Plot: When General Rancor (Griffith) threatens to destroy the world, Secret Agent WD-40, a.k.a. Dick Steele (Nielsen), is assigned to track him down. Steele is joined by a beautiful KGB agent (Sheridan), and together they elude Rancor's henchmen, escape speeding vehicles, avoid booby traps and thwart kidnap attempts (and have time for a little dining and dancing) as they make their way to General Rancor's lair.
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The late Leslie Nielsen became the king of spoof flicks after his turns in both Airplane! and The Naked Gun: From the Files of Police Squad! (1988) – but that turned into an old joke after he continued to spurn out stinkers like 2001: A Space Travesty, Wrongfully Accused and Dracula: Dead and Loving It.
Would his turn in Spy Hard be any different, or would “Weird Al” Yankovic singing the theme song be the best part of this spy spoof?
By the time he made Spy Hard, Leslie Nielsen could probably have done his role in his sleep. Full of slapstick, crude humor and sight gags, he bumbles his way through his role without any effort at all – and it’s entirely too evident. Gone is the glee with which he threw himself into new situations in films like The Naked Gun: From the Files of Police Squad! (1988). In Spy Hard, even when the film blatantly rips off the love sequence from The Naked Gun: From the Files of Police Squad! (1988) – including the romance montage, the sexual symbolism and the “from the heart” confession of love (although the full-body condom is conspicuous by it’s absence) – the viewer can almost hear the yawn in his voice. He’s just going through the motions once again, and viewers will quickly get bored.
Most of the rest of the cast is largely wasted, a sadly typical scenario for silly spoof films like Spy Hard. Nicollette Sheridan pops up as little more than eye candy, while Marcia Gay Harden takes the limelight for only one brief sequence before fading into the background once more. Even Barry Bostwick, who was hilarious as the Mayor on is completely wasted in Spy Hard, with his big moment coming too late to make a difference.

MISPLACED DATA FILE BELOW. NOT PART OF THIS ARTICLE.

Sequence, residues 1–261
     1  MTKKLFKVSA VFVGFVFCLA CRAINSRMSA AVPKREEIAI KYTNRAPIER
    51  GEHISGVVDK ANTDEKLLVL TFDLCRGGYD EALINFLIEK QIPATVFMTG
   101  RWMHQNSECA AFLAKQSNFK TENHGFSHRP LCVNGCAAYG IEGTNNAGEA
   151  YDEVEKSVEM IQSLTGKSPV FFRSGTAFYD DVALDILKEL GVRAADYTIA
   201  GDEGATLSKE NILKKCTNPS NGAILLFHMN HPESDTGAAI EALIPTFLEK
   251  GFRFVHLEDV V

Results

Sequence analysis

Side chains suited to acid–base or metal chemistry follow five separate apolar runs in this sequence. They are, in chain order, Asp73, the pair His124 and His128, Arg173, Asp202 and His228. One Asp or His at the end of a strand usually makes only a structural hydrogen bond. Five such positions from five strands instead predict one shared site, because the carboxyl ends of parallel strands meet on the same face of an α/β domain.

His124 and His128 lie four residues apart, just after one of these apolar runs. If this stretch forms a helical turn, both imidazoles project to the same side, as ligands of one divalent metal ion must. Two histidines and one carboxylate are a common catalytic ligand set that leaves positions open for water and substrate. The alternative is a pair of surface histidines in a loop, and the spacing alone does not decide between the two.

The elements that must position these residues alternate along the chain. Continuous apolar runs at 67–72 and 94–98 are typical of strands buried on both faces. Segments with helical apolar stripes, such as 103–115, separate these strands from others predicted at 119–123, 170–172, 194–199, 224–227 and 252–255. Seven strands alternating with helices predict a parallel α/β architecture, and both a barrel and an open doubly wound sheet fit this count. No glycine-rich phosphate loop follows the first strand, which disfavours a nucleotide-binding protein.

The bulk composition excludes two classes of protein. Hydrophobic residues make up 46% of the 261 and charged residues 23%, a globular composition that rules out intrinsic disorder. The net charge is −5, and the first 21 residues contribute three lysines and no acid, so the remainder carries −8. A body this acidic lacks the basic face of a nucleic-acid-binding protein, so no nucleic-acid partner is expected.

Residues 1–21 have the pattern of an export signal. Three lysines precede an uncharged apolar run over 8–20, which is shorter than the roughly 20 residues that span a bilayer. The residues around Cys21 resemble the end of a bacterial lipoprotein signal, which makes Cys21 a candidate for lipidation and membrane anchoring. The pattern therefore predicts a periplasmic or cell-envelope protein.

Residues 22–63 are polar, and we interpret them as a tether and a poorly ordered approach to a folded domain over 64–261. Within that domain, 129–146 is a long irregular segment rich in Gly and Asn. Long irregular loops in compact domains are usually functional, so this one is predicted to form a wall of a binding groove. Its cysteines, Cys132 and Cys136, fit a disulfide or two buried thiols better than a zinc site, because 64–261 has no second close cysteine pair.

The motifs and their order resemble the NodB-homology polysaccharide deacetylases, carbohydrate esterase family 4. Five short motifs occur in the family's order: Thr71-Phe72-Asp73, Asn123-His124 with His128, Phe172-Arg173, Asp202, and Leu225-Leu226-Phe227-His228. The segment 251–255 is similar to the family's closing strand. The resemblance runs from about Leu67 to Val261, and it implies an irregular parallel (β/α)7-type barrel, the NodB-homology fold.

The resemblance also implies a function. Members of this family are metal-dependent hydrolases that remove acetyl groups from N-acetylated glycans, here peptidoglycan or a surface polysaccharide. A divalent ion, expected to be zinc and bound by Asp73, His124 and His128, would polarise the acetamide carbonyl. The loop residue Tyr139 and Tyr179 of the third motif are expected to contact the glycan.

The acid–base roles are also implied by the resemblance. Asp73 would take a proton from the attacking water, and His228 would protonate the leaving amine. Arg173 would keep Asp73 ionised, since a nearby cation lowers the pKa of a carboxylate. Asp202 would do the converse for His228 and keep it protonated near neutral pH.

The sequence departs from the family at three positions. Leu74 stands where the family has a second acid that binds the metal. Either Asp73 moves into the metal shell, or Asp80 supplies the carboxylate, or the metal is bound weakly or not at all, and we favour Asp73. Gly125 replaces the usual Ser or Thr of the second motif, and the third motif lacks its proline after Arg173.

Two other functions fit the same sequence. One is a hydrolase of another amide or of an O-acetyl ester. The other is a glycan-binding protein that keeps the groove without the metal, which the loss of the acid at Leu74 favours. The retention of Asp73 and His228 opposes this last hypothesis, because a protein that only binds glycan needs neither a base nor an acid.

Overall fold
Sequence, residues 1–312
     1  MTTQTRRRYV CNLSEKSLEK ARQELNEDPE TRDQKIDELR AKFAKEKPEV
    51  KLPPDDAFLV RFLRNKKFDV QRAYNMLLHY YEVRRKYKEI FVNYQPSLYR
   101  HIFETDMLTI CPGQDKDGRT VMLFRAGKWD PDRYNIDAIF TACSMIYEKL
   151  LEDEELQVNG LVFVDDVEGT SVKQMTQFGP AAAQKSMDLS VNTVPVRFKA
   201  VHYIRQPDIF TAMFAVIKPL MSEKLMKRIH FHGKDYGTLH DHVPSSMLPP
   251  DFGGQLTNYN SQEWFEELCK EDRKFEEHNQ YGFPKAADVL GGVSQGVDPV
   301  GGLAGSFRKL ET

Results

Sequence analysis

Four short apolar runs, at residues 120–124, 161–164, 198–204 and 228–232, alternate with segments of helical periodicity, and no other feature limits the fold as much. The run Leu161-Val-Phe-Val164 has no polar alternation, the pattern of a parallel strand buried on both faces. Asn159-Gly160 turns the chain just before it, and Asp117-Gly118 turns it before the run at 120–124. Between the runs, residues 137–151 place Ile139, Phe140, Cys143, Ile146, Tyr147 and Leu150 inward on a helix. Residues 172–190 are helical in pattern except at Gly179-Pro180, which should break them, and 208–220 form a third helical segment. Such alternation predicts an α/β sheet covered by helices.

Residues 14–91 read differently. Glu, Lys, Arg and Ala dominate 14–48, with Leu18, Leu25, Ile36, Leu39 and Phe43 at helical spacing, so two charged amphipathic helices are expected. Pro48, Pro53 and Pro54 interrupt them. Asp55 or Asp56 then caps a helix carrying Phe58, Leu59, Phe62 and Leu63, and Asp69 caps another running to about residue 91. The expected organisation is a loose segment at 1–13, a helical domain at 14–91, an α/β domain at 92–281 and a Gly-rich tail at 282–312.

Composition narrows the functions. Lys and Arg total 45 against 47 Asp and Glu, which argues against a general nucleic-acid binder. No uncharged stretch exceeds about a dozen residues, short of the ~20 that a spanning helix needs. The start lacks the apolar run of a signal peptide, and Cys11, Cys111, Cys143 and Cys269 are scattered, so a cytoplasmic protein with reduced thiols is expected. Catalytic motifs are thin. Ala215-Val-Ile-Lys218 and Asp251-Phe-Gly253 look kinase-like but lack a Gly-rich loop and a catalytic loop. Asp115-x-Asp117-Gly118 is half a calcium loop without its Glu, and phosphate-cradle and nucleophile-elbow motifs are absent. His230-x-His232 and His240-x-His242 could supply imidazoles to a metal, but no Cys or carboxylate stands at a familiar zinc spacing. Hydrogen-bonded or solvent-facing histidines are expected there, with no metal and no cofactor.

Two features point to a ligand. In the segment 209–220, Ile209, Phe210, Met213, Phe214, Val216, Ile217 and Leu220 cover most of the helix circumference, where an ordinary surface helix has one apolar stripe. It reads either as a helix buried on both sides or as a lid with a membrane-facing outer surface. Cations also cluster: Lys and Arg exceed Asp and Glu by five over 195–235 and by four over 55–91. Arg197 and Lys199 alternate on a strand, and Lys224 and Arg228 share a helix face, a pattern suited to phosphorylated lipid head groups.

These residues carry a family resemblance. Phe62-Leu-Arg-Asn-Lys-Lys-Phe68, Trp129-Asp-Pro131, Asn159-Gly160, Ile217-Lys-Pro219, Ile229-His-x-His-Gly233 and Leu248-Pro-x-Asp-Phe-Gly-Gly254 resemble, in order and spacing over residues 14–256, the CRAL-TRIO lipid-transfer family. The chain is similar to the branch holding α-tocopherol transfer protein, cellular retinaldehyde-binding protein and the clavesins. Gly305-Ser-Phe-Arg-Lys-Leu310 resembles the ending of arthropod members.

A lot of that can be blamed on the plot. Obviously, the focus of the film was to find some way – however flimsy – to tie in as many spoofs of popular films as possible. While the spoofs, ranging from Cliffhanger (1993) to Pulp Fiction (1994) – along with the expected James Bond/Mission: Impossible (TV) satires – are both easily recognizable and plentiful. The thread that ties them together, however, is just plain silly, and without anything substantial to tie the pieces together, the viewer will quickly lose interest with the seemingly unending barrage of spoofs.
Unfortunately, Spy Hard is just another Leslie Nielsen film that wants to be as good of a spoof film as The Naked Gun: From the Files of Police Squad! (1988) or Airplane!, but just can’t be bothered to spend time trying to make it worth seeing. Instead, it’s nothing but an endless barrage of spoofs the viewer will quickly tire of.
In fact, the best parts of the film lie with “Weird Al” Yankovic singing the theme song at the beginning of the film (which includes his own nod of approval when he sees his name during the opening credits) and the crazy items slipped in during the scrolling credits at the end (including “KUNG FU GRIP: G.I. Joe”, “Chicago Gangboss: Al Capone” and “Gorgeous Blonde’s Phone Number: Still Trying To Get It” ). When the best parts of the film are those the star isn’t actually in, that’s kinda sad – especially in a spoof film obviously built with it’s star in mind.
Our advice on the best way to watch Spy Hard? Watch the opening credits, fast-forward to the ending credits – then go re-watch The Naked Gun: From the Files of Police Squad! (1988). You’ll be much happier.